‘White Noise’ Offers Disaster Cinema, Woody Allen Style

Adam Driver elevates uneven tale of a world turned asunder by toxic cloud

In a span of just a few years, Adam Driver has become a consistently exciting and often brilliant actor to watch.

Driver’s choice of projects, which, in the post-“Star Wars” segment of his career, are varied and impressive. While not every film has worked, Driver is consistently excellent in every film and the directors he’s worked with speak to his good taste as an actor (everyone from Ridley Scott to Terry Gilliam, Martin Scorsese to Spike and, currently, Francis Ford Coppola).

His latest is a reunion with Noah Baumbach, as their prior collaboration, “Marriage Story,” was an acclaimed success for both. Unfortunately, while it has iis moments, “White Noise” is an unsteady vehicle.

Driver keeps it from careening off the road.

White Noise | Official Trailer | Netflix

Baumbach’s film stars Driver as Jack Gladney, a college professor whose wife and kids are comfortable in the suburban life they lead. When a catastrophic train crash occurs, it causes a toxic chemical to pollute the air, forming a deadly cloud that is slowly descending on the population.

At first, Jack is in denial about the event and can’t be bothered to leave the dinner table as the news worsens. Finally, once the Gladney clan abandons their home, they go into full survival mode along with the rest of the population.

Droll and overly self-conscious from start to finish, “White Noise” shows Baumbach stretching considerably in a new genre for him but isn’t enough to really connect as an arthouse variant on a Disaster Movie. Yes, there’s impressive CGI effects and large-scale action sequences, but the whole thing is so dialog and idea driven, it’s like watching Woody Allen’s “Independence Day.”

However, the big tonal shifts don’t occur smoothly and there are sections that just don’t work.

FAST FACT: Adam Driver served in the U.S. Military, joining the Marines shortly after the terrorist attacks of 9/11.

In a year full of notably overlong films in need of real editorial pruning, here’s another that required more cuts to give it better form. Case in point: the opening act, which is overly extended, repetitive and takes too long to get the story in motion.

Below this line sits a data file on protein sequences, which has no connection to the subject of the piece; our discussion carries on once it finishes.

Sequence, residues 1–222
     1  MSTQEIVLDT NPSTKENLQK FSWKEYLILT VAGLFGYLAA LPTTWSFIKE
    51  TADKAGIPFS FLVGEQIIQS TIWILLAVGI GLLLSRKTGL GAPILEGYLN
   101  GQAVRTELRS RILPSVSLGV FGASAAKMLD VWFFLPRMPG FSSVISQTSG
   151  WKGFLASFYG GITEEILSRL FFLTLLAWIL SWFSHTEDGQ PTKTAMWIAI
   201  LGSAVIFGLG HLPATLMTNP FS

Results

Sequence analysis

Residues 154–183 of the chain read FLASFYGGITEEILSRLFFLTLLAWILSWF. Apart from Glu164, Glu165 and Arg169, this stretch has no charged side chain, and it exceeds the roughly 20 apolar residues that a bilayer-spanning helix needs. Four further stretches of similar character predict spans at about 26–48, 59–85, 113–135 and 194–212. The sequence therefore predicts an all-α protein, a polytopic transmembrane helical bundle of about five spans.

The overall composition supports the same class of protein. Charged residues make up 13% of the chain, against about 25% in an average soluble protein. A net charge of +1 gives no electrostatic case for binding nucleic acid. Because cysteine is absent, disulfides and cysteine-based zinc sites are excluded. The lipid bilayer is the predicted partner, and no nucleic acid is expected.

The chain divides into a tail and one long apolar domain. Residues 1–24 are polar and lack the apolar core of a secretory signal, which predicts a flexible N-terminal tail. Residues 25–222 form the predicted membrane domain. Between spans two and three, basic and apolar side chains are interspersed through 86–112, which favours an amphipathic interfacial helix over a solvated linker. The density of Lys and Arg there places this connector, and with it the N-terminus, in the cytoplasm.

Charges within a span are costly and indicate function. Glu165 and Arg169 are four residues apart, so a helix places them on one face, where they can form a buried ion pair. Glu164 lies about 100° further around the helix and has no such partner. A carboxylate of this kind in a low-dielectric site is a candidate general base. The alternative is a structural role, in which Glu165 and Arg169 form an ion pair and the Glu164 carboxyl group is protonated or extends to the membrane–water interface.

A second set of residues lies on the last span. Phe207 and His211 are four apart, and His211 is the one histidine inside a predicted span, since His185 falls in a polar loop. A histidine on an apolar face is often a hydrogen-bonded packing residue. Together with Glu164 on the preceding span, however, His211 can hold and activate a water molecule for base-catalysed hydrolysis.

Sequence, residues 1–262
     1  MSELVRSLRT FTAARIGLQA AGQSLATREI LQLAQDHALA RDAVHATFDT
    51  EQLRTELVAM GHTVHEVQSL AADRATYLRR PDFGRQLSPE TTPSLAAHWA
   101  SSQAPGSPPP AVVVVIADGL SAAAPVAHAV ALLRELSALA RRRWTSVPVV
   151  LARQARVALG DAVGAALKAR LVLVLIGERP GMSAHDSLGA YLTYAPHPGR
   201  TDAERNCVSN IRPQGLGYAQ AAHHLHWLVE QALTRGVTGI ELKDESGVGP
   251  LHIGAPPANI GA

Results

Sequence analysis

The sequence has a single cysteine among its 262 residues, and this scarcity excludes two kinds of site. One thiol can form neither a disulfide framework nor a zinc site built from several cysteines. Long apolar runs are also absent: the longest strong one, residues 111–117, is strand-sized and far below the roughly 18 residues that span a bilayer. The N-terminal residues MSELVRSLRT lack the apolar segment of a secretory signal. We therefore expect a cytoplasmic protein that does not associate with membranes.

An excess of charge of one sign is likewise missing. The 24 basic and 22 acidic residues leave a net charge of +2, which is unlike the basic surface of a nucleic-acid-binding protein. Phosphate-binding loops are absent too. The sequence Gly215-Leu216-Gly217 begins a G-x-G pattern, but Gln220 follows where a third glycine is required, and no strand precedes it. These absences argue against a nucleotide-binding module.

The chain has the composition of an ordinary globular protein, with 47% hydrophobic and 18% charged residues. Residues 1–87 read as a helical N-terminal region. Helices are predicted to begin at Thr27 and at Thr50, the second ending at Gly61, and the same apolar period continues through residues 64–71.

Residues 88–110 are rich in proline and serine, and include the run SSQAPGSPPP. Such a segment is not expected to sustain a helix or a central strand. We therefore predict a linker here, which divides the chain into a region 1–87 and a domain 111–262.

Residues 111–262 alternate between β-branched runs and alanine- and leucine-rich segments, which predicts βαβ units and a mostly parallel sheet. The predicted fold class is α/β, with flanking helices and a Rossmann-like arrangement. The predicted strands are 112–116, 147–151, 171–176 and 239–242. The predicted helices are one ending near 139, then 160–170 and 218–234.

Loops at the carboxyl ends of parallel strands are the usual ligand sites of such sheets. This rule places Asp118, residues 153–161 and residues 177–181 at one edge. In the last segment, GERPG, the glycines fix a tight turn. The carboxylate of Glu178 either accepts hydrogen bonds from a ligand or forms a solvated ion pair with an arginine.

Likewise, the third act, which isn’t as compelling as the scenes of the large-scale disaster taking place. Helping things to a large degree is Danny Elfman’s terrific score, reminiscent of his best, earlier works.

Danny Elfman - "Duel Lecture" | White Noise | Netflix

It’s a bleak affair, with the focus primarily on how humans, either via large-scale disaster or their own undoing, face nonexistence and extinction. Some of this is handled thoughtfully, but mostly it illustrates how hard it is to adapt a highly cerebral, idea-driven novel.

I haven’t read Don DeCillo’s 1985 novel upon which this is based, though I’m a fan of his other works, particularly his 2003 novel, “Cosmopolis,” which David Cronenberg made into a terrific film in 2012. “Cosmopolis,” like “White Noise,” isn’t easy material to adapt (for all the things I love about Cronenberg’s film, my favorite scene from the novel isn’t in the film).

With its uneven teeter-tottering of thick sarcasm and earnest existentialism, the whole thing reminded me of Alan Rudolph’s “Breakfast of Champions” (1999); that movie, in which an all-star cast took on a definitive but challenging Kurt Vonnegut novel, wasn’t a total success but I’m kind of fond of it.

The same goes for “White Noise,” which I mostly liked, even as the experience is too uneven and not-entirely-there to qualify as an all-out success.


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As much as I want to celebrate the undeniable stretch that this was for Baumbach, I’m unconvinced that the material and filmmaker were an ideal match. “White Noise” will likely become a curiosity item in Baumbach’s body of work. 

A few set pieces stand out, like Don Cheadle’s opening monolog on how movie car crashes are a form of social comfort food, which is, of course, completely true.

Then there’s the end credit sequence, a musical number set to a new song by LCD Soundsystem – it’s wonderful, speaks to the repetitive nature of grocery shopping, and seems like it belongs in a very different movie.

“White Noise” may too be too unsteady overall but at least it ends in an enthralling manner.

Two and a Half Stars

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